Although I don’t know which bike I prefer to ride on local rides, I do have a preference between the bikes when bikepacking because the Ridley has a more horizontal top tube and a slightly higher head tube than the Specialized. I ride a smaller than average frame size (52 cm), so space in the front triangle is often quite limited compared to someone with a larger frame size, so the Ridley is my choice for bikepacking because I can fit a much larger frame Bags and Water Bottles in it (there is 15% more total space inside the front triangle of the Ridley than the Specialized). The other difference between my two bikes is that the Ridley has slightly more clearance for the full Fenders/Mudguards that I like to use. It’s aspects like these on which I based my decision to buy the Ridley – I wasn’t too interested in riding characteristics because most race bikes feel very similar to me (as long as the contact points, their relative positions, and the tire pressures are all the same).
If you want to use a really simplified approach to get a rough estimate of the appropriate frame size for you then tables showing what frame size is appropriate for someone of a given height or leg inseam are available, possibly the most complete being at Bicycle Guider. However, be aware that one brand’s 56 cm frame may be more equivalent to another brand’s 58 cm than to the other brand’s 56 cm. Because the sizes no longer conform to any specific frame dimensions, many brands list their sizes as S, M, L, etc., which are even less comparable between brands. The solution to all of this confusion is to use the stack and reach measurements. Before explaining that in more details, I begin by how to measure your current riding position (ignoring frame size for now).
There are four important measurements when looking at your riding position, two concerning how the saddle is positioned relative to the cranks and two concerning how the handlebars relate to the saddle. As discussed on the Riding Position page, saddle height is measured as the distance from the crank axle to the top of the saddle, saddle setback is the horizontal distance that the tip of the saddle is behind the crank axle, handlebar reach is measured as the horizontal distance from the tip of the saddle to the center of the handlebars and handlebar drop is the difference in height between the top of the saddle and the top of the handlebars. Some bike fitters vary slightly in how these things are measured (e.g., which point on the saddle is used, and whether the crank axle or pedal axle is used), but that doesn’t change the outcome.
If trying to copy your position on one bike onto another bike, it is these four measurements that you should try to replicate. If trying to choose a frame that will allow you to replicate these measurements easily, then it is the Stack and Reach measurements of the frame that are the best indicators as to how easy this will be. Stack is the vertical distance between the crank axle and the top of the head tube. Reach is the horizontal distance between these two points.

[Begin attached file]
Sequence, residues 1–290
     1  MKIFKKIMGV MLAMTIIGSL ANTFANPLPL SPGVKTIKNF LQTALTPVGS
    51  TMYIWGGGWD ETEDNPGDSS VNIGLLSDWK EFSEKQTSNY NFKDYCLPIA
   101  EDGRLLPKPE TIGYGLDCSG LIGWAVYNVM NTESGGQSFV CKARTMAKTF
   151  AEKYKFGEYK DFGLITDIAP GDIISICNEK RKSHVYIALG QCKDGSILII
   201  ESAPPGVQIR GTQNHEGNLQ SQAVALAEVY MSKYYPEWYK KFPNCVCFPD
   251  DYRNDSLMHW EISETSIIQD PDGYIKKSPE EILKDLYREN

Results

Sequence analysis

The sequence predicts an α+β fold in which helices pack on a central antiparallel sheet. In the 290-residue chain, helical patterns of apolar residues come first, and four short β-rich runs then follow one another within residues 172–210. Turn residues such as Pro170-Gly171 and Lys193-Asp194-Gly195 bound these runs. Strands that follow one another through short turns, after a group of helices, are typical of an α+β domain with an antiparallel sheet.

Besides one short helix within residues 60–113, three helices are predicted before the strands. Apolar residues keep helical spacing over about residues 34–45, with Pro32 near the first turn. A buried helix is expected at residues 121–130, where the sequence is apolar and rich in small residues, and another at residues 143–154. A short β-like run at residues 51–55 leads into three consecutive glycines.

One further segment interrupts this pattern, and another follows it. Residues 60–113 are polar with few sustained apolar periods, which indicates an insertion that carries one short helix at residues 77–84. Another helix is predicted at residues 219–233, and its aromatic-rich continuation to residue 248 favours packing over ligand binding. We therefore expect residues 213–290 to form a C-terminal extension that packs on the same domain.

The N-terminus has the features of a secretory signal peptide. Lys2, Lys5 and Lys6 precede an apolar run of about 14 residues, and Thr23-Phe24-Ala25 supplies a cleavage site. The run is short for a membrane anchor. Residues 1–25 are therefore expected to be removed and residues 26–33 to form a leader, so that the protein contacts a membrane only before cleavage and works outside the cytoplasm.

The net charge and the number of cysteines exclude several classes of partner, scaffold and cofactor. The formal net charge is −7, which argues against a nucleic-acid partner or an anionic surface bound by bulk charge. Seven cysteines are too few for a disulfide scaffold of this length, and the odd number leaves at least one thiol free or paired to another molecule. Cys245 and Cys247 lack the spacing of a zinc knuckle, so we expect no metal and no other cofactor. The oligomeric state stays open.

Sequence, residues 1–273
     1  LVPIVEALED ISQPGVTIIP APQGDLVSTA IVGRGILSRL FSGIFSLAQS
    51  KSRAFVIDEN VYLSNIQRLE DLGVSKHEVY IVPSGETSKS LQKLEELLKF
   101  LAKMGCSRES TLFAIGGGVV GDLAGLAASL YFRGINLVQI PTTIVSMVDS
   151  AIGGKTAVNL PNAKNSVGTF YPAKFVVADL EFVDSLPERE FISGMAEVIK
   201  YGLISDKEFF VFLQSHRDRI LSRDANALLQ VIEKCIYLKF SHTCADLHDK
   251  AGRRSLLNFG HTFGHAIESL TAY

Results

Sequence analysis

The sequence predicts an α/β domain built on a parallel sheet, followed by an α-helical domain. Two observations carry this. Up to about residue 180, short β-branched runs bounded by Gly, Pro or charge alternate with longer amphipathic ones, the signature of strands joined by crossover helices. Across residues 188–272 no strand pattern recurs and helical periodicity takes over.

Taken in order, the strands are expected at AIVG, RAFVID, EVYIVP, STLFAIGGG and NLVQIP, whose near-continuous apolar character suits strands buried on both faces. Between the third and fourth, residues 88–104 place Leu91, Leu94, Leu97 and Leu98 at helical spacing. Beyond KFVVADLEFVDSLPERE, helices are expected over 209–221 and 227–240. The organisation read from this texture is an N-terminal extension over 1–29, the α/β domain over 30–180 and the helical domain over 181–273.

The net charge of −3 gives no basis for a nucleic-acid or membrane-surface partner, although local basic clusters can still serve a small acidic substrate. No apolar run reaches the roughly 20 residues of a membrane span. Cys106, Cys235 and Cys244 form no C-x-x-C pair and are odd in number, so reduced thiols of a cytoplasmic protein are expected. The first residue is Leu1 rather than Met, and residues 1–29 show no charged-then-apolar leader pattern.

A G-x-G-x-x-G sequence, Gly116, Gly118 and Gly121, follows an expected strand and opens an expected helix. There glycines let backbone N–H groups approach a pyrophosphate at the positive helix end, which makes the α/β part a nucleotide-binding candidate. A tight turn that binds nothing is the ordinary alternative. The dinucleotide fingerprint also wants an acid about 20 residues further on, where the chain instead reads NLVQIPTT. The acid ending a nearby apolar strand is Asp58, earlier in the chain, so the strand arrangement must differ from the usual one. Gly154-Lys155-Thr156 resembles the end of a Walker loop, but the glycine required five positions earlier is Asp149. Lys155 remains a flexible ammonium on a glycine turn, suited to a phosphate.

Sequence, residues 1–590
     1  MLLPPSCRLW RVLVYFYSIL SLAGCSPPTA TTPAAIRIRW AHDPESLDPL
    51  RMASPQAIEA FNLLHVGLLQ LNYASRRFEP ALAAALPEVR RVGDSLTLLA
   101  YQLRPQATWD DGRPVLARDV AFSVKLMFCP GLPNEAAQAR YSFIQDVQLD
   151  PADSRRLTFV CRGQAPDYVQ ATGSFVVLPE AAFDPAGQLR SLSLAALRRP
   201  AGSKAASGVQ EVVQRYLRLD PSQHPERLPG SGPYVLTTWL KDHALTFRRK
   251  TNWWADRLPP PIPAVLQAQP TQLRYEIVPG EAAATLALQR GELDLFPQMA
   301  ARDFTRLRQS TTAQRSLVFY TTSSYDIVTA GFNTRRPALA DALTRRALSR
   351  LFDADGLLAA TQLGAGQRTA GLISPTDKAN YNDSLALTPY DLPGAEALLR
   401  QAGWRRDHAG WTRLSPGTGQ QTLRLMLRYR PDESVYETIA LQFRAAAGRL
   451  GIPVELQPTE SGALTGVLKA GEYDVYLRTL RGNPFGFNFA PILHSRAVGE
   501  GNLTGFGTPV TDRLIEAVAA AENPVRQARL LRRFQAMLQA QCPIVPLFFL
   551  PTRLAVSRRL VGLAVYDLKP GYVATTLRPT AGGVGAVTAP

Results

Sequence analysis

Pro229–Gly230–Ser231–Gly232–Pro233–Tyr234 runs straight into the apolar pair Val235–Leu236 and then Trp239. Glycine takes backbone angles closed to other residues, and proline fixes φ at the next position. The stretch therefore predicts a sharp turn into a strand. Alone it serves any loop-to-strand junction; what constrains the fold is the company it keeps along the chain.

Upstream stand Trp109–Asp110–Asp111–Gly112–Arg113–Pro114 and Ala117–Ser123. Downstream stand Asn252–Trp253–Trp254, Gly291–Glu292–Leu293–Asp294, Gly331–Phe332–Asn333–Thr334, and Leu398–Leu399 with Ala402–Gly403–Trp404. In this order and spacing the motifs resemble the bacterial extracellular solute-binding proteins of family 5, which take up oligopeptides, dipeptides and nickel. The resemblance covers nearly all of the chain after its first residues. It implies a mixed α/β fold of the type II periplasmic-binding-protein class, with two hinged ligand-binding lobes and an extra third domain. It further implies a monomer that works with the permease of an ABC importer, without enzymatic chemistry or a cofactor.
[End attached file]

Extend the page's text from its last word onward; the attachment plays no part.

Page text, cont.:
If you want to measure the stack and reach of a frame you currently have, then you should put the back wheel of the bike against a wall, make sure that the bike is not leaning to the side (placing it diagonally across a corner of a room is often easiest), and take four measurements:
A = Ground to top of head tube
B = Ground to centre of crank axle
C = Wall to centre-top of head tube
D = Wall to centre of crank axle
Then perform two subtractions:
Stack = A – B
Reach = C – D
Frame geometry charts give many other lengths and angles. For instance, people have traditionally focused on seat tube length and top tube length (or ‘virtual’ measures of these for frames with sloping top tubes/compact geometry). However, two bikes with the same measurements on these two values can vary widely in fit if any one of the seat tube angle, head tube angle, or head tube length are different. Instead of mentally trying to combine these measures and angles and making corrections for differences, it is far easier to just look at stack and reach and forget about the impure measures of seat tube and top tube lengths. Other bike geometry measurements (e.g., head tube angle and wheelbase) are important when considering bike handling (which was briefly discussed above), and other measurements can be important when deciding which bags will fit in the frame, but stack and reach are the only important measures when considering bike fit.
These and a few more aspects to consider are covered in this GCN video:
I cannot tell you what frame size you need, just like I cannot tell you what position is best for you, but the knowledge that I’ve given here will help you to make an informed decision for yourself based on your current frame and what you’re looking for in a new frame. You can visit an experienced bike fitter if you need some advice on your position and frame size. However, as I mentioned on the Riding Position page, many fitters don’t have much experience optimizing comfort for ultracyclists, so take their advice as merely a starting point and then experiment with your position to find what feels right for you.
There are so many stock frames in such a wide array of sizes, geometries, and designed for a wide variety of purposes that most people should be able to find a stock option that meets most of their requirements. The Geometry Geeks website is trying to compile an index of bike frames to make searching for one with your requirements a lot easier. However, some people prefer the experience and result of having a frame custom built for them. Custom frames are not only customizable in terms of geometry, comfort, ride feel, and paint color, but also in terms of what accessory mounts they have. Most custom builders work only in steel or titanium, but there are a few who do custom carbon frames.
Both disc brakes and rim brakes have advantages and disadvantages. The two systems use different mounting points on the frame and different wheel hubs, so the choice of brake type needs to be made when choosing a frame.